About Bowling

History

5-pin bowling is a version of bowling developed in Canada in 1909 by Thomas F. Ryan in Toronto, Ontario and is only played in Canada. It was developed as a response to customers who complained that 10-pin bowling was too strenuous.

Rules

A game of 5-pin bowling consists of 10 frames. A frame ends when either the bowler delivers 3 balls or all the pins are knocked down, ending the frame. If all the pins are knocked down with the first ball (a strike), or with the first and second balls (a spare), the frame ends. The remaining balls for that frame are counted in the next frame and added to the total for the preceding frame.

Frame 10 is slightly different than all the other frames because even if a strike or spare is thrown on the first or second balls, respectively, all three balls are thrown, yielding a possible 45 points in the tenth frame.

A perfect game is rare in 5-pin bowling and consists of 12 consecutive strikes: 1 in each of the first 9 frames and 3 in the 10th frame.

Summary of notation used in scoring

"H" is marked when only the HEADPIN is taken out on first ball = 5 pts .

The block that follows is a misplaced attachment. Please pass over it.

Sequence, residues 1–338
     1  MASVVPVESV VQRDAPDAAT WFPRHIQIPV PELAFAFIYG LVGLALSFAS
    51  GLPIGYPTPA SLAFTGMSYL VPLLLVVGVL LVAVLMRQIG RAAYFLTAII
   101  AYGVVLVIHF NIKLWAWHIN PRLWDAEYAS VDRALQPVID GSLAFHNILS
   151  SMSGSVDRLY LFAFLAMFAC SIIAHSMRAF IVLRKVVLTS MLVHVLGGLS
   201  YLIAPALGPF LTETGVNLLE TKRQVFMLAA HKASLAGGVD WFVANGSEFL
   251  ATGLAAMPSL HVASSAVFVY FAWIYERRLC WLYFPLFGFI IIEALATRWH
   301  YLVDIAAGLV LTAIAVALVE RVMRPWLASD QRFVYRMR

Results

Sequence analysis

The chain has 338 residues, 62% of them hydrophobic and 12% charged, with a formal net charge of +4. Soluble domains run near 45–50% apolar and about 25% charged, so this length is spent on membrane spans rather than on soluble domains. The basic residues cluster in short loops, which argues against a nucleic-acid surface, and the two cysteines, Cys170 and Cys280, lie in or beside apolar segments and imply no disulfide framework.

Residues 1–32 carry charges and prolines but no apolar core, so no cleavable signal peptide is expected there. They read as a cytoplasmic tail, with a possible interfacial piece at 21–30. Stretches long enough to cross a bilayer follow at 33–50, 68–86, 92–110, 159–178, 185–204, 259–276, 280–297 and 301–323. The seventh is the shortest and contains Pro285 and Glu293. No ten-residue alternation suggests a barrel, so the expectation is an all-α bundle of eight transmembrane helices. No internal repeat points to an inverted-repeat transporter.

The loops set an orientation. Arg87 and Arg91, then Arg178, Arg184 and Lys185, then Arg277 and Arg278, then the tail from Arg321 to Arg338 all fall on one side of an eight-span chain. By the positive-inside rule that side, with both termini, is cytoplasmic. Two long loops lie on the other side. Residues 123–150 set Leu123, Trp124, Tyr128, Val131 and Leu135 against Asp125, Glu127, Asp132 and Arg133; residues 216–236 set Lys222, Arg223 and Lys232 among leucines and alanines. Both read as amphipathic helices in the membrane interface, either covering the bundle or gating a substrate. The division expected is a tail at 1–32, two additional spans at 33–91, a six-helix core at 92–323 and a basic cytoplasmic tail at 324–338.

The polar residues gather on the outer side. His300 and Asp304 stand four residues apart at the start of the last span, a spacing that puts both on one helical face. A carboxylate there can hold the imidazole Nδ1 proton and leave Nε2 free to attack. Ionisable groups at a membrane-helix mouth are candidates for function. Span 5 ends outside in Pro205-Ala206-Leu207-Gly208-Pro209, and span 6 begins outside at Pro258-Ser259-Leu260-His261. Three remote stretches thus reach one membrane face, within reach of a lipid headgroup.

“L” or “R” is marked when the only pin left after the first ball is one of the cornerpins… A cornerpin leave is recorded when the frame’s first delivery takes out all the pins except one of the 2 corner pins =13 pts (2+5+3+2).

“A” is an Ace and is recorded when, on a first delivery of a frame, the Headpin and both 3 Pins are knocked down, leaving only both Corner Pins standing = 11 pts (3+5+3).

"C" is a Chop Off and is recorded when the frame’s first delivery knocks down the headpin and one of the “sides” (both a 3 pin and corner pin combination on the same side of the headpin) = 10 pts (2+3+5).

"S" is a SPLIT and is recorded when the frame’s first delivery takes out the headpin and only one of the 3 Pins = 8 pts (5+3)